Archery. Most of us have heard of it, but don’t know much past the fact that it involves a bow and an arrow. There are so many nuances to the sport that have to be taken into account by the athletes. It may not seem like much, but this is a testament to how wonderfully practiced these precision athletes really are.
So in celebration of Archery, one of the oldest sports on Earth, here are some fascinating facts that you probably didn’t know.
Archery: Safer Than Ping Pong
People associate archery with war. It’s seen as a throwback to the ancient days of precision projectiles in battles against the most wicked of foes. Yes, its origins are in combat and if you take any experienced archer and drop them a millennia back in time, they’d probably hold their own. The stats, however, tell a slightly different story. The sport and the tools have evolved, producing some of the most efficient bows out there.
Whether you’re using a recurve or a Compound bow, archery is actually one of the safest sports in the world. Officially, the sport has about one injury per 2000participants. This makes the sport safer than both bowling and ping pong.
Archery Was Introduced To The Olympics In 1900
Archery and precision sports are synonymous with the Olympic Games. These old and true shows of skill have a rightful place on the list of competitive activities, built to see who is the best of the best. What most people don’t know is that Archery was only introduced in the Olympics in 1900. Prior to that, it was relegated to regional and international competitions, having been the primary means of projectile just a half a century prior.
… It Was Also Removed Until ‘72
Even more strange than Archery being introduced in the 20th Century is that it was removed almost as abruptly. In the 1920’s it was taken off due to the lack of agreement and standardization of rules. See, back then, people only had telegrams. An entire international conversation, short of sending envoys, took months.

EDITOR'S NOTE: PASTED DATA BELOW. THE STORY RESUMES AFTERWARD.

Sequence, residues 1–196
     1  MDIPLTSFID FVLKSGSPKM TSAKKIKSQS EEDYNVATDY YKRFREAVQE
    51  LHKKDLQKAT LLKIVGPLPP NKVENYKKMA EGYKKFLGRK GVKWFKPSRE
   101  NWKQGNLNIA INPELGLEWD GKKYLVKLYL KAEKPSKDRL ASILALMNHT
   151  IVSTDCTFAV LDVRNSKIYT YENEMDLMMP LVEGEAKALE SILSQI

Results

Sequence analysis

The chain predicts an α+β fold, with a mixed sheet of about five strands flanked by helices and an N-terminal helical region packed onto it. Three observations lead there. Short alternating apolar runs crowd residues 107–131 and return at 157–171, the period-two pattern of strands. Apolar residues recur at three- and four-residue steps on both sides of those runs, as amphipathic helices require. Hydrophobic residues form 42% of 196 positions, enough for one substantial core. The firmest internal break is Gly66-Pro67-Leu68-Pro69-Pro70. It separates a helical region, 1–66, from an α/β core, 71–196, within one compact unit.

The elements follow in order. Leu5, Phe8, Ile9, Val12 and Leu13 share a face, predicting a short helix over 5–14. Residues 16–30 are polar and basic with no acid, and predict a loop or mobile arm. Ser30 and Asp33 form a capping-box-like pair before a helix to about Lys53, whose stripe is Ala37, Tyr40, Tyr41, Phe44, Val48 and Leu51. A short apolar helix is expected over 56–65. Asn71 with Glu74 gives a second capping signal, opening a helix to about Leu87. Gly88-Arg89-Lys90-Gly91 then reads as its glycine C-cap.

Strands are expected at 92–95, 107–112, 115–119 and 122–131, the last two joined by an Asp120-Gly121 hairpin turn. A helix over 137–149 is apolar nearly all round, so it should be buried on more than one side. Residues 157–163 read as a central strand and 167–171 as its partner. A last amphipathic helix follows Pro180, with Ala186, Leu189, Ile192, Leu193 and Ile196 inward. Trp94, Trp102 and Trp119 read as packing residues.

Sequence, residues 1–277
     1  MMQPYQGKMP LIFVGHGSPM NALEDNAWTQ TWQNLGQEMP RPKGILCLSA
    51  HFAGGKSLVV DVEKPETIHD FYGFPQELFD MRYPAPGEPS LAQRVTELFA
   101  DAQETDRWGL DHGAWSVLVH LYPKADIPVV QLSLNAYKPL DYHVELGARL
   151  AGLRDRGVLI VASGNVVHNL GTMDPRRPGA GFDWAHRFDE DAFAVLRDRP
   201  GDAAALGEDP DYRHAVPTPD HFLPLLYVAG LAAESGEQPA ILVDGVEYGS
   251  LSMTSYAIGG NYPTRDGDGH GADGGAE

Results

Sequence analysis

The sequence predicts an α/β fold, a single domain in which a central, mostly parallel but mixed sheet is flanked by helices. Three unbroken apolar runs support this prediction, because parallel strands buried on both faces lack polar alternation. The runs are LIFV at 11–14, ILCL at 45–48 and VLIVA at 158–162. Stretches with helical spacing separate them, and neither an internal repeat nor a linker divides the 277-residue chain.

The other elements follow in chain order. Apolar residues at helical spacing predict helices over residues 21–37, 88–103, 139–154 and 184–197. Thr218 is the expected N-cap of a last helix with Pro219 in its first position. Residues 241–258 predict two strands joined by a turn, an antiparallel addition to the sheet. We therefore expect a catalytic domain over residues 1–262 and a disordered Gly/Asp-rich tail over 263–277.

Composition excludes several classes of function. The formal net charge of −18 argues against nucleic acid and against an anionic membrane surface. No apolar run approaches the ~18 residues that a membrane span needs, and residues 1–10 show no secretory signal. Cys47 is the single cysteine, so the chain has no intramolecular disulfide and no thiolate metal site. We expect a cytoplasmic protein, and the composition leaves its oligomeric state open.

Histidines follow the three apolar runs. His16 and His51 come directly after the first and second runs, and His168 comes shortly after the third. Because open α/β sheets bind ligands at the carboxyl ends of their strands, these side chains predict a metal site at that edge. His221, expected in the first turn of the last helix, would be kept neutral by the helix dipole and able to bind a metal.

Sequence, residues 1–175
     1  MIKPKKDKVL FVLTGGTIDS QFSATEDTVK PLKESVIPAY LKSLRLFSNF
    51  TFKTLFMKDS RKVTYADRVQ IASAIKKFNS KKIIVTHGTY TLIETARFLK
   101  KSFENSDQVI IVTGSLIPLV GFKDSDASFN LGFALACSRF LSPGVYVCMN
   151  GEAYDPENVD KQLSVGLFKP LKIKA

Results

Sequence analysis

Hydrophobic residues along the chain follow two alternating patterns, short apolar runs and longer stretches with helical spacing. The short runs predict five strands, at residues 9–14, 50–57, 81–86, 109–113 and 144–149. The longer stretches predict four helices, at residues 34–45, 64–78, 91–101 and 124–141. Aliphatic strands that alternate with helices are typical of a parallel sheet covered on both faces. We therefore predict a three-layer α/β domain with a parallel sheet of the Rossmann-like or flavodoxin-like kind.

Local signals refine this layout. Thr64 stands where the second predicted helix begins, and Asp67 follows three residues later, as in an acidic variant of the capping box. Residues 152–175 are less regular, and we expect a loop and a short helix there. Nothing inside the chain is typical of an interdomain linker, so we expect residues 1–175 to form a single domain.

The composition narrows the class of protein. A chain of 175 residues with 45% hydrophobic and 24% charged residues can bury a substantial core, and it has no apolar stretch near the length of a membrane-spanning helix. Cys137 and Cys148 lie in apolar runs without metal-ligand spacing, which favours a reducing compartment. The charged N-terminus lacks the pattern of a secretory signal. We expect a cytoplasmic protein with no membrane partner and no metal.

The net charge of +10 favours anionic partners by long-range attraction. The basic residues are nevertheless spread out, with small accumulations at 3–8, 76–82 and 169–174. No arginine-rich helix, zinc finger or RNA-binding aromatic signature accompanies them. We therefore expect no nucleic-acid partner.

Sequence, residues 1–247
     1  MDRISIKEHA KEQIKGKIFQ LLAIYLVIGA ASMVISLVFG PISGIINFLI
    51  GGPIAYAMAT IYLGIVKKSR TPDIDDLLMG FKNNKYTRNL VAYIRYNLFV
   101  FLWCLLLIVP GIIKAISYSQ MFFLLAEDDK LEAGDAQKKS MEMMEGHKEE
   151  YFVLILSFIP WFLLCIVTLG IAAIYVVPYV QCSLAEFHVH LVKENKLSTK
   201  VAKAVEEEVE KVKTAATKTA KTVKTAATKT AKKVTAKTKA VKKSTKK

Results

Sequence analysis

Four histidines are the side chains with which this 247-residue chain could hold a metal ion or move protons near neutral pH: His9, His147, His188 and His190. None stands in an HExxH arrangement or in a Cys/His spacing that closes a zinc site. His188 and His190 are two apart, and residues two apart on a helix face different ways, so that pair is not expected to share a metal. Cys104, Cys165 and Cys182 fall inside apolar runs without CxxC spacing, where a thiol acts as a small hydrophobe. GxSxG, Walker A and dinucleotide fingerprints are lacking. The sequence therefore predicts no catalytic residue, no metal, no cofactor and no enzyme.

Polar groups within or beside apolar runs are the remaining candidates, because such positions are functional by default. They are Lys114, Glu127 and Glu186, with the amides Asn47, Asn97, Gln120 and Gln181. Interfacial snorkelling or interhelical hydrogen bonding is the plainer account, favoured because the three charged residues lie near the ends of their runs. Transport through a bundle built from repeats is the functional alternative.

So the lack of communication leads to a wide variance in styles and rules applied. That is, until the 1970’s when World Archery (International Archery Federation) was formed to unify the rules and the regulations. It was only in 1972 that Archery, one of the oldest practices, was brought back to the Olympics.
Hitting a bullseye is the cornerstone of precision sports. When it comes to two competitors hitting the same target in training, it’s not uncommon to see a bullseye stuffed with multiple arrows. In competition, the bullseye is about the size of a thumbtack due to the distance, and hitting a bullseye is a massively impressive feat.
When another player splits their opponent’s arrow down the middle with their own, it is affectionately called a Robin Hood, after the famous scene in which Robin does so in a tournament. Now, most of the time it’s dumb luck. It’s happened to a good handful of professionals. Unfortunately, it tends to ruin the arrow.
Archery is full of nuances, origins, and styles. The Samurai shot arrows differently from the Mongols, and the Mongols shot differently from the Comanche. Regardless of the style, archery is deeply rooted in every hunting culture and modern sport arena the world over, and it doesn’t seem to be going anytime soon.